I am Charlie (and so are you)

PARIS— In a Parisian square, 15,000 voices become one, filling the darkening sky with cries for liberty and justice. This was what night held in the aftermath of a terrible day for Paris and the rest of the world, after an egregious attack on free speech and freedom of the press.

On Monday, Jan. 7, gunmen attacked the offices of Charlie Hebdo, a French satirical newsmagazine. The event, officially classified as a terror attack, was allegedly in retaliation for the publication of cartoons that negatively depicted the Muslim prophet Mohammed.

The paper regularly uses a signature blend of wit, cartoons and a healthy dose of sarcasm to poke fun at all kinds of religious and political figures. This trademark style doesn’t shy away from sensitive topics or hot-button issues, which has previously led to trouble (including a fire-bombed office in 2011). However, this recent attack is by far the humorous newsmagazine’s mostly deadly incident, with 12 confirmed victims, including editor Stephanie Charbonnier, economist Benard Maris, several cartoonists and a police guard.

As word of the afternoon attack spread, #jesuischarlie‬ (#IamCharlie) quickly began trending, attracting the attention of Parisians and others around the world.

Dominic Gerber, a St. John’s sophomore, first heard of the vigil taking place at the Place de la République Square on Twitter explained, “I knew this would be a great opportunity to experience the response of an international community.”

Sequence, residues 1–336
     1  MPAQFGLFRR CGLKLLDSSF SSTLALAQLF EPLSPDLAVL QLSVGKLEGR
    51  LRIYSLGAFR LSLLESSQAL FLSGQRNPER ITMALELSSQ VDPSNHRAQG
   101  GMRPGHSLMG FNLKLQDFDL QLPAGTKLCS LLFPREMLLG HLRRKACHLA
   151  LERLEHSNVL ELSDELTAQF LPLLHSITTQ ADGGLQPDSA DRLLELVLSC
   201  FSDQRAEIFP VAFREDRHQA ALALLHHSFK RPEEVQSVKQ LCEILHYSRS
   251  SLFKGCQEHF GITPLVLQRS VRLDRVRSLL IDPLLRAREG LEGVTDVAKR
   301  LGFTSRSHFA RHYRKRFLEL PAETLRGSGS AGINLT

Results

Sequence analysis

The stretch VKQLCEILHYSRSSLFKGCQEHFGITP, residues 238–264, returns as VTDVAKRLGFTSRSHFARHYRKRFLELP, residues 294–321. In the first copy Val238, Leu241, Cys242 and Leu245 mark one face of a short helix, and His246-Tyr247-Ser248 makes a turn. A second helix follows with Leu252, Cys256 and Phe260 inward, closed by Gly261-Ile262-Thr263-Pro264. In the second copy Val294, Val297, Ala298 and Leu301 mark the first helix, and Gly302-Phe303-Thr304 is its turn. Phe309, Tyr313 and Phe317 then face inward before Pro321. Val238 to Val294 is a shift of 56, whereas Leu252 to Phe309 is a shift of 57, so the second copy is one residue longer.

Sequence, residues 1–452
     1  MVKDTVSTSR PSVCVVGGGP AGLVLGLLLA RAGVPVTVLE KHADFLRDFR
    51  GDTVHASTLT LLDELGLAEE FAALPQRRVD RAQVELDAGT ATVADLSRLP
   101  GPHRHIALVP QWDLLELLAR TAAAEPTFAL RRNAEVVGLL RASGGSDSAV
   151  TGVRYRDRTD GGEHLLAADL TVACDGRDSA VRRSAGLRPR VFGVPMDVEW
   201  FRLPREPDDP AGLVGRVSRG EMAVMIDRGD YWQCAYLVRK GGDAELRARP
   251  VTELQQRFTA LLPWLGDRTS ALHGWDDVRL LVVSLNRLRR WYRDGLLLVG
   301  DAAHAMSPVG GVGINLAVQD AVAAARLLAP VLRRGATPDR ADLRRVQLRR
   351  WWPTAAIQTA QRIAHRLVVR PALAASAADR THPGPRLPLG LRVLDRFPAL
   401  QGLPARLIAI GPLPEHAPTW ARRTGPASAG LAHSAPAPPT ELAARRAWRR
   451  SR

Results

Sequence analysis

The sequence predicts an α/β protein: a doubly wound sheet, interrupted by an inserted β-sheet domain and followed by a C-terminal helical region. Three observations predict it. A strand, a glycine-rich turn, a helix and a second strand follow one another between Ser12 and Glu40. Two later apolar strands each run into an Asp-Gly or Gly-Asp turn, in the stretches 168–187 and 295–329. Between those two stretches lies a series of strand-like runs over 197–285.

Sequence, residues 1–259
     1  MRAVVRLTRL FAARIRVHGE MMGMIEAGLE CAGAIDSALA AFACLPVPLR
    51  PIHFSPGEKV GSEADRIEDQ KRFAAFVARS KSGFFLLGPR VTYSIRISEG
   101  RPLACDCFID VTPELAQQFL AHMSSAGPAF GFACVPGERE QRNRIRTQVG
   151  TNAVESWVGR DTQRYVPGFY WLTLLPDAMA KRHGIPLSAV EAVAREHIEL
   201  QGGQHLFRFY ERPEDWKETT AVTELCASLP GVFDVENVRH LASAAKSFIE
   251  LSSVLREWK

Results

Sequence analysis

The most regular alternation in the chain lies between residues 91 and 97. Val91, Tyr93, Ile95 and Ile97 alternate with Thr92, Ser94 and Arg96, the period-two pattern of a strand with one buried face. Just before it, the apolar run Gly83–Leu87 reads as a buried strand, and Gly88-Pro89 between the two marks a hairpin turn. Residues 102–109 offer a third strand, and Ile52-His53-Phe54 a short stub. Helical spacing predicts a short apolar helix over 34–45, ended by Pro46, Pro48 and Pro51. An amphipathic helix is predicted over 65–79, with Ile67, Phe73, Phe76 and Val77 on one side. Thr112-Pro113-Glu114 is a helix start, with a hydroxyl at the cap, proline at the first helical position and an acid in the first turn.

Despite it being only their third night in Paris, several students, myself included, decided to join those gathered in support of free speech and to honor those lost.

“In our lives as Americans, we’ve never had to think twice about our freedom of speech. Although I am a little nervous, I feel like standing for those unfairly killed was the right thing to do, both as an American and a global citizen,” said Johanna Mendez, a sophomore student and Ozanam Scholar residing on the Paris campus.

When we arrived, groups of young people were already leading chants, having climbed up the large monument in the center of the square and turned it into a massive protest sign. Despite the young ages of these leaders, there were clearly multiple generations of Parisians shouting “Liberté d’Expression, Liberté d’Expression,” and “Je Suis Charlie,” as projections played across the marble faces of the third republic’s monument.  This atmosphere was infectious, as we turned from watching to then joining the crowd, with a couple St. John’s students even joining the leaders on the massive statue.

In the middle of the night, this electric atmosphere suddenly subsided into a moment of silence, leaving thousands standing together with no sound, only fists and pens held up in the air. This incredibly moving moment, giving respect to the victims, was followed by a round of riotous applause as from the crowd we heard shouts of “Vive la France. Vive la France.”


Sophomore Jeremy Ashton is currently studying abroad at the St. John’s Paris and Rome campuses. He was present in Paris at the time of the Charlie Hebdo attack and the ensuing rallies.